Columbia’s powder keg
By http://RNW.nl – Jul 2000
How can Colombia be helped to disentangle itself from more than 30 years of guerrilla war and drug trafficking? Representatives from more than 20 European and North American governments are discussing the question in Madrid on Friday. Last week, the United States decided to funnel a billion dollars into helicopters and military equipment to destroy Colombia’s drug crops, which are a key source of financing to left-wing rebels. Now the Colombian government is hoping to get another billion from European countries to take the sting out of the military aid with social and human rights programs. But European governments appear reluctant to buy into the programme.
For the past six months, the Colombian government has been trying to sell its new strategy to the world – a strategy it calls Plan Colombia. It’s supposed to tackle both the country’s need for war and its need for peace. From the US, it’s asked for support on the war side. A military aid package that includes 60 helicopters to destroy Colombia’s drug crops through aerial fumigation as well as fight any left-wing rebels who try to protect the crops. From Europe, it hopes to get money for peace building – to help war victims, to improve the justice system and Human rights protections and find new legal crops for Colombian farmers.
The US View:
But the way things are going Plan Colombia may end up getting all war and no peace aid. The Americans passed the military package with relative ease. US anti-drug Czar General Barry McCaffrey explained it to his congress in simple terms. In his view, the FARC guerrillas “protect the drug crops” and “all that drug money has turned them into an almost unstoppable force that’s destabilising the country […] When you see the video outtakes of the FARC, they’re wearing shiny new uniforms. They have more machine guns than the Colombian infantry battalion have.”
The Americans believe if they can knock out the rebels’ drug financing, the guerrillas will eventually become more flexible in the peace talks. But in the short term – if the military strategy works – it will destroy the livelihood of 35,000 coca farmers. Poor farmers with no other way to survive. That’s where the Europeans are supposed to come in.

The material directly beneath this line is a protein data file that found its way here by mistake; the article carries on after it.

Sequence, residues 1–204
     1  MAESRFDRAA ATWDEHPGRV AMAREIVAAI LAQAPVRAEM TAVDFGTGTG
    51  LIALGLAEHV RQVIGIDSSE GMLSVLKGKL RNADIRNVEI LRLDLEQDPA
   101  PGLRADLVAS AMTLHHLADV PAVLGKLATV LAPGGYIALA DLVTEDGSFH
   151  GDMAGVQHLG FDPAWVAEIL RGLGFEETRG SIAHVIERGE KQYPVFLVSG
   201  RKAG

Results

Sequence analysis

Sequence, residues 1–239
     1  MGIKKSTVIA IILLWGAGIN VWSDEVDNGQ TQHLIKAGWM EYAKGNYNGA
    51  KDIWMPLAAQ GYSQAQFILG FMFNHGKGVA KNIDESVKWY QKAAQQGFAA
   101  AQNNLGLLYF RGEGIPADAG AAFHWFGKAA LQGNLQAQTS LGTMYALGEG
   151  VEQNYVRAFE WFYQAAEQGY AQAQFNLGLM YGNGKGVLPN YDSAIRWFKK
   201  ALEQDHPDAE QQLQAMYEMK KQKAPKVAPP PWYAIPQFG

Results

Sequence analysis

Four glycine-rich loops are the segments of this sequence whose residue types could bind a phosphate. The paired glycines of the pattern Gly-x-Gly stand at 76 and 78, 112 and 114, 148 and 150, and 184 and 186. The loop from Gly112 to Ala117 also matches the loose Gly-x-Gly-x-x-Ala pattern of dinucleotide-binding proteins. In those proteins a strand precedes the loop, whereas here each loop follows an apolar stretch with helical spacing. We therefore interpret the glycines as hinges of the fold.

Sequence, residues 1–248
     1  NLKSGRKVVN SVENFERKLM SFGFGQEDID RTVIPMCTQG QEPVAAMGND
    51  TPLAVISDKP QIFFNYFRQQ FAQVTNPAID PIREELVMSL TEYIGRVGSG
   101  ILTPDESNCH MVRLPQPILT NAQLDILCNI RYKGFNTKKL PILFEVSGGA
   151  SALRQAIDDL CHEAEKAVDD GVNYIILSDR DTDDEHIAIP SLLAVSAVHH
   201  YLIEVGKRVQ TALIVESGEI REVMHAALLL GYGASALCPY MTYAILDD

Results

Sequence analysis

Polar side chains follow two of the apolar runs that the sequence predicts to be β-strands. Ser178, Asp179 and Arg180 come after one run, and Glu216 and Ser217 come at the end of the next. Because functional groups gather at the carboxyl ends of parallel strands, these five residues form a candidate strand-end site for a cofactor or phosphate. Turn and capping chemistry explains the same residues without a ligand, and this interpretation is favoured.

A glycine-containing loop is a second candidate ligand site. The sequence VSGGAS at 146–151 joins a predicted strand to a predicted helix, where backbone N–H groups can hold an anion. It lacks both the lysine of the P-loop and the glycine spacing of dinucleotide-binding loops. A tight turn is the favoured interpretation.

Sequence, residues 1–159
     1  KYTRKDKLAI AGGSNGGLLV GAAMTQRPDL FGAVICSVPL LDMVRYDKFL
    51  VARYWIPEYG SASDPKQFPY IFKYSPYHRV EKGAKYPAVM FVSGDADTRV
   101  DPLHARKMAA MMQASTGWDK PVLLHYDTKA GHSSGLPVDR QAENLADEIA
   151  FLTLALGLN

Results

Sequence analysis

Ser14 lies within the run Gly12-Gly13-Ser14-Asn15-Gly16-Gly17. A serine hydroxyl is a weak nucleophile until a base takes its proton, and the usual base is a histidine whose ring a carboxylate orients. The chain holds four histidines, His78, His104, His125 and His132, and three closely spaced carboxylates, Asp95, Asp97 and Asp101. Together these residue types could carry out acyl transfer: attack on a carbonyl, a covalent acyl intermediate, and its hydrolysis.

Coca Farmers´ Wrath:
At a meeting last week, in a guerrilla-held zone of Colombia, European diplomats came face to face with the wrath of these coca farmers. The farmers demanded that drug production in Colombia be seen as a social problem instead of a military one.
“We’re willing to stop cultivating these drug crops”, said community leader Guillermo Penya, “but only if the government sits down with us to negotiate. Not with helicopters and fumigation hanging over our heads.” This is one of Plan Colombia’s greatest flaws. It was developed without consulting the people or even church or human rights groups. And this worries European governments. Dutch Ambassador to Colombia Gisbert Bos says past attempts to develop peace strategies in Colombia have failed because they’ve always been drawn up behind the people’s backs. “I do hope that this important initiative by President Pastrana will not die the same death. We hope that the process will succeed. But it should not be a dark room, billiard room business, closed to everybody.”
Some foreign diplomats say that European governments want to support programmes like crop substitution to help Colombian farmers break away from drug production. But right now, virtually all Colombian non-government organisations – from church to human right groups to university agencies – are adamantly opposed to Plan Colombia. And that makes it unsellable in Europe.
Jorge Rojas runs CODHES, a Colombian NGO that helps people displaced by the war. He says the social programs are desperately needed, but they won’t cancel out the destruction the military aid is bound to produce.
Making Matters Worse:
This US military aid is going to make the war grow and become more violent, Rojas says. And the illegal drug production will just move deeper into the forest and slide over the borders into neighbouring countries. European and Colombian non-government organisations will be at the Madrid meeting. They’re hoping to convince all the governments there, including the US, to back away from the military approach. They want that money put instead towards social programmes that could help solve the underlying poverty and violence which is driving the drug and guerrilla war in Colombia.